The good news, I guess, is that using rancid ingredients doesn't hurt you, it just can lend an odd taste to whatever you are making. In the tahini case, my hummus just tasted slightly off. I went to the store and got a new jar, and all my troubles were solved.
But here's the thing. How do you know when something is rancid? Sometimes it's just darn obvious. When something is really rancid it has a sharp odor that you can instantly recognize even if you have no idea what is wrong. That's easy. The problem is when it's so subtle that you don't really recognize it.
Here are a couple of recommendations:
- When you first purchase items that are prone to going rancid (whole wheat flour, bran, whole grains, shortening, nuts, and nut butters), take a really good long sniff of them to create a memory of what they should smell like. I always have this problem with whole wheat flour in particular. I can't tell you how many times I've stuck my nose into a batch of flour and couldn't decide if it was rancid or not. When I am in doubt, I open a new package and smell it in turn with the rancid batch and then it is really obvious.
- Be sure to store items properly. Foods with a high fat content can go rancid when they become oxidized and/or undergo chemical alteration by microbes. To combat these issues, make sure you store the items in an air tight container and then store them in a cool, dark place. I always store my nuts in the freezer. My whole wheat flour lives in my fridge.
Well, I guess that's all I've got time for today. I've got tests to correct and lessons to plan still, but I wanted to let you know I am still kicking. I hope everyone is having a wonderful week!
Sunday, May 2, 2010
To be honest, this may be one of the quickest, easiest breads I've ever made (and I have made quite a few). The only draw back, if you can call it that, is that you do need to get out the rolling pin and dirty up the counter flattening these things out, but I think that it's worth it.
I really enjoy pita for all kinds of applications. My favorite is cut into wedges and dipped into hummus. In the picture above, I have stuffed it with fresh spinach, tomatoes, and hummus. They're also great for hot sandwiches. I love a nice seasoned patty of meat, especially if it's lamb with a little Greek inspired seasoning.
You start the pitas by mixing the ingredients together. The first time I made these, I mixed them in my stand mixer. However, the amount of dough is so small, that I found them just as quick to mix by hand, and then I didn't have to dirty up my mixer. Truth be told, you could mix the whole thing on the counter (make a well in the flour for the wet ingredients and then mix). The dough comes together nicely. It never quite loses its tackiness, but it will become smooth and workable, provided you don't knead at a snail's pace (the longer you hand is in contact with it at each go, the more chance it has of sticking). After mixing, knead the dough until it comes together nicely and is elastic. Please note that it is not a huge amount of dough; I don't exactly have the largest hands around.
Let the dough rise until doubled in an oiled and covered bowl. It took mine about an hour in a 72 degree house. Knock down the dough and flatten it out on a lightly floured counter top. Cut the dough into six even sized pieces and pull the dough around, almost like you are turning them inside out, and pinch the edges together to form a nice, smooth ball. Dampen a flour sack towel and place over the six dough balls to let them rest ten minutes. Resting allows you to roll them out without the gluten fighting you every step of the way.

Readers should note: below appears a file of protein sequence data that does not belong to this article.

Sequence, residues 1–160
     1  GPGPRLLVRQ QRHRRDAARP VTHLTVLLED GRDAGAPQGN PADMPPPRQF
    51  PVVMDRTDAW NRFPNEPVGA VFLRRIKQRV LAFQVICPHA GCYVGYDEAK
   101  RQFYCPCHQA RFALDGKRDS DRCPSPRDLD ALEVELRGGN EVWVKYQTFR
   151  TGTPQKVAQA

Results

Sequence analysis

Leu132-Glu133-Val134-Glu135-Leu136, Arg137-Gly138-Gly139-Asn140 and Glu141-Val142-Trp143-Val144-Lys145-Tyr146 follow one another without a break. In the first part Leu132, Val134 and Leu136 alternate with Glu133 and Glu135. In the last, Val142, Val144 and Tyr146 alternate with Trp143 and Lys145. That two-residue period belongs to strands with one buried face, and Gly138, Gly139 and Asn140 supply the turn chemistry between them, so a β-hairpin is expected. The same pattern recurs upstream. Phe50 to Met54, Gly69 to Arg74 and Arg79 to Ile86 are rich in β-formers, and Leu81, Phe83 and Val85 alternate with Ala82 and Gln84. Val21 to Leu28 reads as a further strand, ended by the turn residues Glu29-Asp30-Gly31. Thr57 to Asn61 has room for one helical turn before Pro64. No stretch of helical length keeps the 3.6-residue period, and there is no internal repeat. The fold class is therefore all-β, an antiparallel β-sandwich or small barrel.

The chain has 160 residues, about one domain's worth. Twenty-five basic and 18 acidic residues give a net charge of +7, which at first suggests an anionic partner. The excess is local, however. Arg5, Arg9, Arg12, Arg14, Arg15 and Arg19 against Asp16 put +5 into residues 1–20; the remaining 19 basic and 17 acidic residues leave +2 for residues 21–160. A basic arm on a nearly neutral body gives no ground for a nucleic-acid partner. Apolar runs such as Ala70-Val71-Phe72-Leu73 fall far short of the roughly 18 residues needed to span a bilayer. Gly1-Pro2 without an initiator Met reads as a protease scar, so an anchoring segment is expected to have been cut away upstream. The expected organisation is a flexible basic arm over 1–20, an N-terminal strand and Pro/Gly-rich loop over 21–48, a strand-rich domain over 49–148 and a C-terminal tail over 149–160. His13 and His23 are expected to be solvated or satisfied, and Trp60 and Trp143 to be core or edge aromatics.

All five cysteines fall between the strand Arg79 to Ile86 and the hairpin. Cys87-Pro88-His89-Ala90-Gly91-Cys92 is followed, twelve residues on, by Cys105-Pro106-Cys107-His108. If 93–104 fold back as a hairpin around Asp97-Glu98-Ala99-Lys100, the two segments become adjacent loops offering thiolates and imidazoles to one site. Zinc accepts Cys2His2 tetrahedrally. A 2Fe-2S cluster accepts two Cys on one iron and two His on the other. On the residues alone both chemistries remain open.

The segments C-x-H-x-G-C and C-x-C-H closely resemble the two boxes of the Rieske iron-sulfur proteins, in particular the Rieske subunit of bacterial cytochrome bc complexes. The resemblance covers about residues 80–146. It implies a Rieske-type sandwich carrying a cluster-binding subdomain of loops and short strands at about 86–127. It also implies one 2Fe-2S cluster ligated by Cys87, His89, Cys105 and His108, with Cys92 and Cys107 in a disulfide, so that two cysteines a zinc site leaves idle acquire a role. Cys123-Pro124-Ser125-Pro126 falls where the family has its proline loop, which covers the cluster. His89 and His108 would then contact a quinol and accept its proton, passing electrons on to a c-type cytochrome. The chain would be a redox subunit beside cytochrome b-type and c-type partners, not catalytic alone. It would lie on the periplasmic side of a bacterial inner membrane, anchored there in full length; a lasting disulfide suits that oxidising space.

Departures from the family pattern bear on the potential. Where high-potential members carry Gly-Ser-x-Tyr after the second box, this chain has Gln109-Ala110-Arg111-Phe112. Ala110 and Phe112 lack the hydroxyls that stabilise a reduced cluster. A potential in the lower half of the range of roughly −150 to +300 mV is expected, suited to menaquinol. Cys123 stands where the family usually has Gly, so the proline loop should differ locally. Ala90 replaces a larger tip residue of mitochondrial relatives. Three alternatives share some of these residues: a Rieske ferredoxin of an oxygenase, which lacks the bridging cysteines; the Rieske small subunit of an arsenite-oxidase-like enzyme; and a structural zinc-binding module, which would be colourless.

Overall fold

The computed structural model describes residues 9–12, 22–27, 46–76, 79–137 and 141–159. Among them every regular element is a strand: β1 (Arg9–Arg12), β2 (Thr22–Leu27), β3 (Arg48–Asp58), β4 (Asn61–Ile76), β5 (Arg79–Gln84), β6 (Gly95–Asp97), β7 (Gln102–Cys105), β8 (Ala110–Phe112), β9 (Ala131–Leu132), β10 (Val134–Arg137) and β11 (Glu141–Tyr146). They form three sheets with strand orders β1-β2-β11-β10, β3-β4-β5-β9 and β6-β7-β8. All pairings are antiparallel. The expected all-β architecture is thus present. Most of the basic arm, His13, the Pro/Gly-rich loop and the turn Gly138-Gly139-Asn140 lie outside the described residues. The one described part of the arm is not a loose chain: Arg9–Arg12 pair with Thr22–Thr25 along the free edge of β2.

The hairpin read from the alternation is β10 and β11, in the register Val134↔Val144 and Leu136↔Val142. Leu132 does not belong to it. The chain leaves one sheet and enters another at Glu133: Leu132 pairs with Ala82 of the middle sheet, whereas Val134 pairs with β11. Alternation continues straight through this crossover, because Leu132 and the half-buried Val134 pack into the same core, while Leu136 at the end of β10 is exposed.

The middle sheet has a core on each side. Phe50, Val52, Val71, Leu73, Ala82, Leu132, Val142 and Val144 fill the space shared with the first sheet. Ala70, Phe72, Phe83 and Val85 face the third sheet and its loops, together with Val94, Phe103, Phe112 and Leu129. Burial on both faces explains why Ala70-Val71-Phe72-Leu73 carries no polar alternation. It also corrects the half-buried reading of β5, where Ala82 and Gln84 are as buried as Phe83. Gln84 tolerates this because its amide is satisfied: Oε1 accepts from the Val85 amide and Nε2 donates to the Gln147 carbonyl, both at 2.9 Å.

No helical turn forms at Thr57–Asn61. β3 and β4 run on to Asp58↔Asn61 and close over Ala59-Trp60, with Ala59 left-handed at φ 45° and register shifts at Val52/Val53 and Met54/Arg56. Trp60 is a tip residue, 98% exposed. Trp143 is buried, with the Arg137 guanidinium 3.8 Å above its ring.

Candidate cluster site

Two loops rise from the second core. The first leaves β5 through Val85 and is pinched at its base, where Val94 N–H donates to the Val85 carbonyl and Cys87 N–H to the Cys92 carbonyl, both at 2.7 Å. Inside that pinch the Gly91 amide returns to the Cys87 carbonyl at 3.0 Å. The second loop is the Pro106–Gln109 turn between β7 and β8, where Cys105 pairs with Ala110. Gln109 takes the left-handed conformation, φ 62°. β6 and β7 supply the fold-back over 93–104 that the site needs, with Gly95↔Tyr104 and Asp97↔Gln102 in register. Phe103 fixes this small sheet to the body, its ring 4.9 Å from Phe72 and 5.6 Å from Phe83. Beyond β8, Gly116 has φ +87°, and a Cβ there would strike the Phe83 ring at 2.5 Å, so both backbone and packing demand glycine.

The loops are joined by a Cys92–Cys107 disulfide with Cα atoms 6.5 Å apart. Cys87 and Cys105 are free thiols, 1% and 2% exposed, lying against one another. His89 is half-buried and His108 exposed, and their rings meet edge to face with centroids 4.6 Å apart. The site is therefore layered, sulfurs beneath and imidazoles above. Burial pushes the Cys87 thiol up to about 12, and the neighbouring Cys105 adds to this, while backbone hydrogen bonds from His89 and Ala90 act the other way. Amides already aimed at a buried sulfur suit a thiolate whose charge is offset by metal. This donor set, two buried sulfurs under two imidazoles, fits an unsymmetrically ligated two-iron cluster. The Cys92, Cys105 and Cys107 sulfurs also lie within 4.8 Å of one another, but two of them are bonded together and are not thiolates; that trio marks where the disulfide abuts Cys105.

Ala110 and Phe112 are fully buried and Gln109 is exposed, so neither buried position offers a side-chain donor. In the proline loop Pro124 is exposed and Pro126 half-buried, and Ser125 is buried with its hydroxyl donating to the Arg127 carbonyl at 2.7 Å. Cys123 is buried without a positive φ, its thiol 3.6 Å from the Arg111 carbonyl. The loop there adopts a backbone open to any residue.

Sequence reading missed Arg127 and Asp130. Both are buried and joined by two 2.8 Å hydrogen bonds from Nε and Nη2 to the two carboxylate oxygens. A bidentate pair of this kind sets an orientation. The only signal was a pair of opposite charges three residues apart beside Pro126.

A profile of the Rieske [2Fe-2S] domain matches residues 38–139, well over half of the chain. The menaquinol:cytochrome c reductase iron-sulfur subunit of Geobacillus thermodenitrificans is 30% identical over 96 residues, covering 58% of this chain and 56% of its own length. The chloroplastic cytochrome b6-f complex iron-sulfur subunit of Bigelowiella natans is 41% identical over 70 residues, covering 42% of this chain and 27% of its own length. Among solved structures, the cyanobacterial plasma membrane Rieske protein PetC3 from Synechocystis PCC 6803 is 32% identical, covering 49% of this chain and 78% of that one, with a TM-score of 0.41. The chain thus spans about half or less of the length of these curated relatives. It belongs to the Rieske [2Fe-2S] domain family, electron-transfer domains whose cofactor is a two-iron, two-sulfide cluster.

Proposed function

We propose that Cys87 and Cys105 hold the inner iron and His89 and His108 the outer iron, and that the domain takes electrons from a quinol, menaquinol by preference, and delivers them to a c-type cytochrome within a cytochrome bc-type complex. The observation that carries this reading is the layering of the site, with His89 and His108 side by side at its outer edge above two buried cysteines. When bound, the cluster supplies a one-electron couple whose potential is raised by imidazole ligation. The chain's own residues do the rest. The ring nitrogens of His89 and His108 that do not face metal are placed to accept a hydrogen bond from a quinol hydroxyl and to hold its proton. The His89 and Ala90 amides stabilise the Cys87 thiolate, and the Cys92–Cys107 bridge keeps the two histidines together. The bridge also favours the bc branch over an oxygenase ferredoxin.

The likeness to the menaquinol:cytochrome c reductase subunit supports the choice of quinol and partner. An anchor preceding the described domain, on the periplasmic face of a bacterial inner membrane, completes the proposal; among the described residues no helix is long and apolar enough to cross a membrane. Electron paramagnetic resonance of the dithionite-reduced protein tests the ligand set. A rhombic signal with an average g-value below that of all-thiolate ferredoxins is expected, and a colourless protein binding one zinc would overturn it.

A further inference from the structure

Once they have rested, prepare two 11x17 inch pans or one 3/4 sheet pan (only recently becoming available at restaurant supply stores, this size pan is great because it is the largest pan you can fit in a home oven) with parchment. Roll the dough balls out on a lightly floured counter until they are about the size of your hand or about six inches in diameter.
Place the dough rounds onto the lined sheet and cover loosely with the damp towel again and let them rise for about half an hour. In the meantime, start your oven to preheating. It takes my oven a long time to preheat to 500 degrees! When the oven is heated and the pita rounds are just slightly puffy, place them into the oven and then watch the magic happen. A nice, hot oven is required if you want the pitas to puff properly. Also, if you feel they have dried out too much before going in the oven, you can spritz them with a little water. If they are too dried out, they won't be able to puff as well.
Bake pitas until they are puffed and just starting to think about turning a little golden. I will warn you, there is a fine line between undercooked and overcooked pitas, so be sure that you are watching them carefully. It took mine about 7-10 minutes to bake. Remove from the oven and set the pan on a rack to cool. As they cool, most will start to deflate, but if they don't before you want to store them, gently press the air out of them. I typically have one pita per batch that doesn't puff as well as the others. Makes it hard to use as a pocket, but it still tastes great!
Pitas store in an airtight bag for 3-4 days or they can be frozen for up to six months. They taste best if they are just slightly warmed before serving so they become soft and supple again.
Yield: 6 pita rounds
2 cups all purpose flour
1/4 tsp table salt
1 tsp instant yeast
3/4 cup lukewarm water
1 TBS extra virgin olive oil
Mix all ingredients together and knead until a supple dough forms. Dough should still be tacky but not sticky. If it is too sticky, knead in a little flour. Form into a ball and place in an oiled bowl. Cover and let rise until double, about one hour.
Knock down the dough, press into a flat rectangle to facilitate cutting it into six even dough pieces. Form each piece into a ball by pinching the dough around to the bottom, forming a smooth surface. Cover the six balls with a slightly damp flour sack towel (or paper towels). Let dough rest, covered, for about ten minutes to allow the gluten to relax.
Prepare two 11x17 sheet pans with parchment. Roll out each dough ball until it is nice and thin and about six inches in diameter. Mine were about 3/8 of an inch thick. Place rounds on the parchment, cover with the damp towel and let them rise for about half an hour. In the meantime, preheat your oven to 500 degrees F.
When the oven is preheated and the dough has risen slightly, place the pitas into the oven. Bake 7-10 minutes or until nicely puffed and just starting the turn color. Remove from the oven and cool completely before storing in an air tight container.